I have come to realise how little value I have given myself. How much pain I have gulped down because of other people, how much anger I’ve carried and kept fueling.
I measured my self worth according to others. I put them first, always. I listened, I cared, I loved and then, I got burned. I got burnt so badly that it made me bitter and cold and left me putting myself down and blaming myself for everything that I was. I was a wounded bird with beautiful wings that couldn’t fly.
And then one night, a few weeks ago, I cried myself to sleep. I sobbed so much it felt like my heart was physically breaking. I thought about all the effort I’ve put into other people and how little effort they offered me. I remembered times as a little girl with these big beautiful dreams, and reminded myself of how I haven’t achieved them yet. I thought about the pure grief I have experienced and how much sadness engulfed my heart after the death of a loved one. I punched my chest and covered my eyes trying to stop my own mind from beating me to a pulp…
“You’re a failure!”
“You’re not good enough!”
“People dont care about you!”
“But I try so hard!”
The next morning, with puffy eyes, I woke up with a renewed perspective. I felt different and couldn’t explain it. I then realised that I didnt just feel different, but that I actually was in fact, different.
Stronger, confident and unafraid.
This change baffled me, so much so that I asked many people if they have ever experienced a similar thing. Is it because I’m getting older? Is this an age thing? Is this normal? Well.. the feedback I received varied but there was a common denominator: pain. They grew tired of the painful experiences from rotten friendships, broken relationships and traumatic events. And so, it hit me…
I had cried myself clean. I faced my pain and anger head on and now it can’t touch me. That night pointed out the facts, of which I had hid away from for years and years. Buried anguish from relationships with people that I thought I understood. I was so afraid of being alone that I found myself constantly trying to “convince” people to stick around. Reflecting on this, I learned a lot about how there is a difference between being alone and being lonely. I noticed that I didn’t and don’t feel lonely and that I quite like being alone sometimes. Just like I love being with my family and being around people. This epiphany changed my thinking completely and so I made a pact with myself. That pact is a sacred one and one I refuse to break. It’s the basic premise of self-care. It’s simply, a declaration of saying goodbye to anyone and anything that devalues you. I encourage anyone who can relate, to do the same.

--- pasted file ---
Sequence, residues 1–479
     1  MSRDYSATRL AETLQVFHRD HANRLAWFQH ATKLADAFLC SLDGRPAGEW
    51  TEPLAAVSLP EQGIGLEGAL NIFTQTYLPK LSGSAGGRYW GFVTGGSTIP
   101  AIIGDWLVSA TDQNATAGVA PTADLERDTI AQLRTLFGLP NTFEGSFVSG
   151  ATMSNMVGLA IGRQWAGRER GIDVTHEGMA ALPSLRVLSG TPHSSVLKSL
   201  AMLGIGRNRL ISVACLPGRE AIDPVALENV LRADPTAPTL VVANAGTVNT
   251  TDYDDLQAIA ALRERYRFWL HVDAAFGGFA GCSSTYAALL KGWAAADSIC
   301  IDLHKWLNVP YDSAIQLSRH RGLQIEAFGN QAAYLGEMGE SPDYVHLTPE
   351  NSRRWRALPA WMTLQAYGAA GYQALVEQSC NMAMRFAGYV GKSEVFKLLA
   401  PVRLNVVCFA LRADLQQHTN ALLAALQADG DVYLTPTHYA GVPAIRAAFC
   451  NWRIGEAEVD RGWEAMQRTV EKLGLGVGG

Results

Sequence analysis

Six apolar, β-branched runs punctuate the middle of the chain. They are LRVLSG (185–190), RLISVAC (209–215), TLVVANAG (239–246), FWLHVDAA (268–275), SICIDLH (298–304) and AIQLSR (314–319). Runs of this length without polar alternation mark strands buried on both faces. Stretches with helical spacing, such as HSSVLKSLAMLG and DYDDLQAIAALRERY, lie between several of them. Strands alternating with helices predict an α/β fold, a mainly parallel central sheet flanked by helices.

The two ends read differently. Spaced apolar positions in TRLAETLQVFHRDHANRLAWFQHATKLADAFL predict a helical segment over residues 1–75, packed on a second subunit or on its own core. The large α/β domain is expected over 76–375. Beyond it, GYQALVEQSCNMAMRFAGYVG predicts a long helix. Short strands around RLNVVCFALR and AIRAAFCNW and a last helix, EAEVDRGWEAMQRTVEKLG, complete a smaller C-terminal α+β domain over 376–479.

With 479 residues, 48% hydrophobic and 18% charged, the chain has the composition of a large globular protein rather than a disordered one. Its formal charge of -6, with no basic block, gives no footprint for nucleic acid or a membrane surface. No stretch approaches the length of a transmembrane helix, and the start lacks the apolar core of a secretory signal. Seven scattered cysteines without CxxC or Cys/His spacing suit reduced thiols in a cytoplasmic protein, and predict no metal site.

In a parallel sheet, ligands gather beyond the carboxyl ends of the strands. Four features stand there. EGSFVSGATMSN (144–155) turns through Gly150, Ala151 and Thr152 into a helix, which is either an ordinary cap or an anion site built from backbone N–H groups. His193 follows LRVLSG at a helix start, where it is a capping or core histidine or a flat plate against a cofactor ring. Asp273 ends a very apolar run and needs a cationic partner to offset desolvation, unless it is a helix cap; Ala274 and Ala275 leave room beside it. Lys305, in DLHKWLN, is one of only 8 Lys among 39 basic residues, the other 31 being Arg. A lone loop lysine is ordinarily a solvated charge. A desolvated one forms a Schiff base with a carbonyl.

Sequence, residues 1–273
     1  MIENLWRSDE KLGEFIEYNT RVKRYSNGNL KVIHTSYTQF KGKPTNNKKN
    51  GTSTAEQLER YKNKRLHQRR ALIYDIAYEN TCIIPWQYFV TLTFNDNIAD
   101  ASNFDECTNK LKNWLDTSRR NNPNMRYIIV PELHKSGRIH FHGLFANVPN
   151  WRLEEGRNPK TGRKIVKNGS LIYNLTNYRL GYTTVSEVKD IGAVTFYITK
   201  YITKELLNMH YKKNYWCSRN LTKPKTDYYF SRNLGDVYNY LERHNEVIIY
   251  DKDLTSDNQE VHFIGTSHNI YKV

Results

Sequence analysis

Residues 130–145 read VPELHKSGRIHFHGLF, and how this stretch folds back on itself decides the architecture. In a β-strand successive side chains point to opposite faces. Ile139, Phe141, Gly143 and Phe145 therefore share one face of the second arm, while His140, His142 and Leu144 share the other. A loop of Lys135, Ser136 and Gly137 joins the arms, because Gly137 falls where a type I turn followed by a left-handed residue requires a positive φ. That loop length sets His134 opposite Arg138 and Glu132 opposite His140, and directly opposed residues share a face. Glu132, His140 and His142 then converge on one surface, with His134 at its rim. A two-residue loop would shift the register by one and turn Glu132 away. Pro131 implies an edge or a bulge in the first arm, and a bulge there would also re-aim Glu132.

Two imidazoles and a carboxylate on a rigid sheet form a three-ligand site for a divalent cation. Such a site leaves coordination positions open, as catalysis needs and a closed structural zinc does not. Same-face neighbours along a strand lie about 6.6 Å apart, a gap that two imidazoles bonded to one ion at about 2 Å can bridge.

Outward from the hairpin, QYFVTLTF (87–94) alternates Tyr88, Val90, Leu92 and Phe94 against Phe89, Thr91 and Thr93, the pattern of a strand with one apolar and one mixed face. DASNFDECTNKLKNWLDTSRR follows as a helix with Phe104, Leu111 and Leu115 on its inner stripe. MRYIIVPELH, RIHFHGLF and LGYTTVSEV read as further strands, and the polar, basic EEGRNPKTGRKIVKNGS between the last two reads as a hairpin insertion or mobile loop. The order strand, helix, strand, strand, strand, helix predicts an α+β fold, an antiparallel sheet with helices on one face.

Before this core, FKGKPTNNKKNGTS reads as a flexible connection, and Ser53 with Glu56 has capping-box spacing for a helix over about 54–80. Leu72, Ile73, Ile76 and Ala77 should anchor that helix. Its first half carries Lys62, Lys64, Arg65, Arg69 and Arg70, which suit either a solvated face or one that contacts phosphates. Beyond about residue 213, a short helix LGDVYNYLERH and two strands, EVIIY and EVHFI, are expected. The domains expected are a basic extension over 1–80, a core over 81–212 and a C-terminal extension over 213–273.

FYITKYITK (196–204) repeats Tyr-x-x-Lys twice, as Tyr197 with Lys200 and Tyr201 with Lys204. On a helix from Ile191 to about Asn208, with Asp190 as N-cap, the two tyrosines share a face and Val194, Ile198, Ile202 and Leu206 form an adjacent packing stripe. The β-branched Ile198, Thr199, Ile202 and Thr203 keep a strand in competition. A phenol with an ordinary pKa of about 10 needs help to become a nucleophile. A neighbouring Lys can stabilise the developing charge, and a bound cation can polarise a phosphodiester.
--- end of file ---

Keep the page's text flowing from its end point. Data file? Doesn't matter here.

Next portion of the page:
I am now the strongest and the happiest I’ve ever been. I am unbelievably proud of this wee woman standing today. I am proud of who I am, how I look, my kindness, my ability to love and be loved and that I am actually quite intelligent. Who knows why I dumbed myself down for other people! I’m incredibly chuffed with myself for having the courage to post this, but why should I keep quiet? So here’s to self-confidence and believing in yourself. Here’s to loving life and loving yourself. YOU are the only YOU and YOU matter more. Walk away from those that hurt you, even if they dont realise it. Be true to yourself, be kind and live.
As my mum says:
“Life is a classroom, you never stop learning.”
Not understanding her own mental illness, Klair embarked on a journey into the world of psychology, finding solace in the understanding of the human condition. She quickly learned how important it is to help others and to irradicate the stigma attached to mental illness. Klair utilizes her knowledge and her own experiences to write about what matters – mental health. Her writing became a huge part of her own personal recovery, and a means to offer insight, further understanding, and support to those who struggle daily. She chooses to write vividly, courageously, and honestly by exposing her inner vulnerabilities and fears in order to create more awareness. Klair also believes that there needs to be more exposure in light of mental illness in South Africa, specifically with regards to teenagers. She strongly believes in the importance of creating awareness in order to identify and prevent high-risk behaviors that could be a result of an underlying mental illness. Often, mental illness in this developmental stage of life is overlooked and put down to “teenage hormones”. Such assumptions are Klair’s personal bugbears and she aims to educate and alter people’s preconceived ideas regarding the topic. Changing the stigma associated with mental illness requires us to not only open up the conversation and talk about it but to action it too. She feels incredibly grateful to be able to write about her mental illness in the hopes of creating a safe community for anyone in need of help and support, and of course to change lives.
Klair, a kind-hearted and loving 27-year-old aspiring clinical psychologist, loves the simple things in life – the comfort of the ocean, long drives with good music as well as reading and writing. She is a deep thinker who encountered mental illness from a young age, having documented her own experiences in countless journals from the get-go she has decided to share her journey with the world.
You can find Klair over on Mental Health Matters More